Equal Pay for Equal Work

Equal Pay for Equal Work ; this is the norm people are looking from Corporates and Governments entities in order to remove Gender discrimination and install beliefs in human performance rather than sex matters.  The gender pay gap is the difference between male and female earnings. This difference is expressed as a percentage of male earnings. The gender pay gap reduces women’s lifetime earnings and also affects their pensions, this is one of the significant causes of poverty in later life for women.
Men are not supposed to be paid more for performing a particular job just because they are men. The Equal Pay Act of 1963 made it a legal federal requirement that pay scales for identical work be the same regardless of whether the employee doing the labor is male or female. If a woman works the same hours, performs the same tasks, and has to meet the same goals for her employer as a man does, she is entitled to equal pay.
Though the gender pay gap is gradually decreasing over time, there have also been recent reversals in progress on this issue. In 2013, compared to the previous year, the average pay of women working full-time fell by0.9% to 84.3%. For all workers, both part-time and full-time – the gender pay gap was 19.1 % in 2013.
The wage gap is a harsh reality for women, regardless of education and work experience and it only gets worse as women’s careers progress. The wage gap typically translates into more than Rs. 10,000 per year in lost earnings for women.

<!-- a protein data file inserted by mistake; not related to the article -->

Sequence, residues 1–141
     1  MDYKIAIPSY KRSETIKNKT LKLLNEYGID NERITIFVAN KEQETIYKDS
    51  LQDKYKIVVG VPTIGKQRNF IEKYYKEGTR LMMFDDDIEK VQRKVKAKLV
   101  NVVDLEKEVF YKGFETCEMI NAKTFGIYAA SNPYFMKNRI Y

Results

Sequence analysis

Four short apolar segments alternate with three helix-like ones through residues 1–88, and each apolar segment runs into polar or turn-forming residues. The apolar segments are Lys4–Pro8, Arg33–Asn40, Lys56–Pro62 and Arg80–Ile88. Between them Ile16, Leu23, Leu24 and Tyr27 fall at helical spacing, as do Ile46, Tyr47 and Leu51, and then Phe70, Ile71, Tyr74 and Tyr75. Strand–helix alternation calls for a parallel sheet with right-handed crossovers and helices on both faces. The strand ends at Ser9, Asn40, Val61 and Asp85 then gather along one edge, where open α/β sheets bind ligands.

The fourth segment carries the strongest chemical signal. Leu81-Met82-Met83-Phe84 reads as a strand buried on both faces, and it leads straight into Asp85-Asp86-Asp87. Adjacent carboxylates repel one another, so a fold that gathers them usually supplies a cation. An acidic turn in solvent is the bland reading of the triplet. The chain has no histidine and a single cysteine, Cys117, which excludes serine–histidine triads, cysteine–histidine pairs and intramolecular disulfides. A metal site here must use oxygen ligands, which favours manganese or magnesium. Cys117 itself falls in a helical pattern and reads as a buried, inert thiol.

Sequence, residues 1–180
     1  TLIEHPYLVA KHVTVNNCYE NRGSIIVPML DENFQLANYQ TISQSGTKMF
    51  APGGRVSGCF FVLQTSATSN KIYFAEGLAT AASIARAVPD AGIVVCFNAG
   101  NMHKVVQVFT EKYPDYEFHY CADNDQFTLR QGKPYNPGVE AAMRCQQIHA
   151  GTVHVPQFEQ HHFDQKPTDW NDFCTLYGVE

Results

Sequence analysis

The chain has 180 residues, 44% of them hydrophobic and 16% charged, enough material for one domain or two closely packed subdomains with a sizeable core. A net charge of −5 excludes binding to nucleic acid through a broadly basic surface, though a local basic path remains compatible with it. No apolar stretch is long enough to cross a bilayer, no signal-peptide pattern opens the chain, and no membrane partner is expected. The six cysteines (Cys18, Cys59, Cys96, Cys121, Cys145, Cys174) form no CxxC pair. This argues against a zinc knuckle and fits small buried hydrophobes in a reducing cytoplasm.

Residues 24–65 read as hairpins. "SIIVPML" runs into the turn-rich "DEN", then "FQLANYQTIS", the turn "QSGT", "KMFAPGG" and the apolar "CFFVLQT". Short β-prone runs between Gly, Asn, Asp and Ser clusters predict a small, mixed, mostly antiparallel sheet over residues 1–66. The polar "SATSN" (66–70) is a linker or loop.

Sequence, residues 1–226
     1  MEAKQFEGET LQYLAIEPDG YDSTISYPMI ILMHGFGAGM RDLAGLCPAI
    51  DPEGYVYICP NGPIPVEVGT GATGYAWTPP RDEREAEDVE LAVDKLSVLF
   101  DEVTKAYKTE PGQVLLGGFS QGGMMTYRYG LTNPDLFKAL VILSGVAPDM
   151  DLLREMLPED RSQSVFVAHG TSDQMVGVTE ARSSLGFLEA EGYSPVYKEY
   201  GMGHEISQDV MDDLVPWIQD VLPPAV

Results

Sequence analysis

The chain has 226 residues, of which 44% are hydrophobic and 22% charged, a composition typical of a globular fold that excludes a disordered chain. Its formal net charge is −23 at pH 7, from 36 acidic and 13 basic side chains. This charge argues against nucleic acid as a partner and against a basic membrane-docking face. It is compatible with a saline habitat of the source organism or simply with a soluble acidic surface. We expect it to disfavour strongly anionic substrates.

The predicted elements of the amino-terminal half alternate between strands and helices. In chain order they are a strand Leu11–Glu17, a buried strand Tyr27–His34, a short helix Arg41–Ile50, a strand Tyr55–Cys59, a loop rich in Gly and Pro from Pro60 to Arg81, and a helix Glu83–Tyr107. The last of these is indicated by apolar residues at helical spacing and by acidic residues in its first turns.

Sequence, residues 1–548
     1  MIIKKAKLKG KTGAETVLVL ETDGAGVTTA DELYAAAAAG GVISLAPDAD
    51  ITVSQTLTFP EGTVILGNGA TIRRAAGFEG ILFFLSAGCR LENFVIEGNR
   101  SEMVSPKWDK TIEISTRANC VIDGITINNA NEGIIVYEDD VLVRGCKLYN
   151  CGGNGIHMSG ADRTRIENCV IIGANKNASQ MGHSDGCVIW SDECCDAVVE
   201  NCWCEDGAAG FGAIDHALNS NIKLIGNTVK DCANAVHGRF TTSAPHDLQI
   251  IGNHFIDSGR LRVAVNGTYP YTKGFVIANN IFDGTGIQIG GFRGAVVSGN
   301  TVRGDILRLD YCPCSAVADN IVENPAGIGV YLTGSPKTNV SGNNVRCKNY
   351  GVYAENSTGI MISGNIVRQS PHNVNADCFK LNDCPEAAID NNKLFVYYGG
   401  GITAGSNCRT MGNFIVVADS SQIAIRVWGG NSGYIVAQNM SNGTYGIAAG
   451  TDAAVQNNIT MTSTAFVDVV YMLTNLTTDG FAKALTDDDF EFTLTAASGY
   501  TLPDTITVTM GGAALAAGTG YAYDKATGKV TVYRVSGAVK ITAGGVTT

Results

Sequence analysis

The Equal Pay Act does not make it compulsory that jobs held by men and women must be identical for purposes of receiving the same pay, but they should be “similar,” which is a governmental way of saying that each performs much the same duties regardless of job title.
The gender pay gap is a complex issue with many causes, which are often inter-related.
Direct discrimination explains why women sometimes still earn less than men – when women are paid less than men for doing the same job. But because of the success of equality legislation over the years, this factor only explains a limited part of the gender pay gap.
Women and men still tend to work in different types of jobs. Not only does society consider jobs to be gendered, that is, men’s jobs and women’s jobs, but such work is also given a different value. Another reason why occupational segregation effects gender pay gap is that women often work in sectors where wages are, on average, lower than in jobs that are dominated by men.
Traditions and stereotypes may also influence the choice of educational paths and employment patterns. Research shows that school career services often encourage girls and boys into traditionally gendered occupations.

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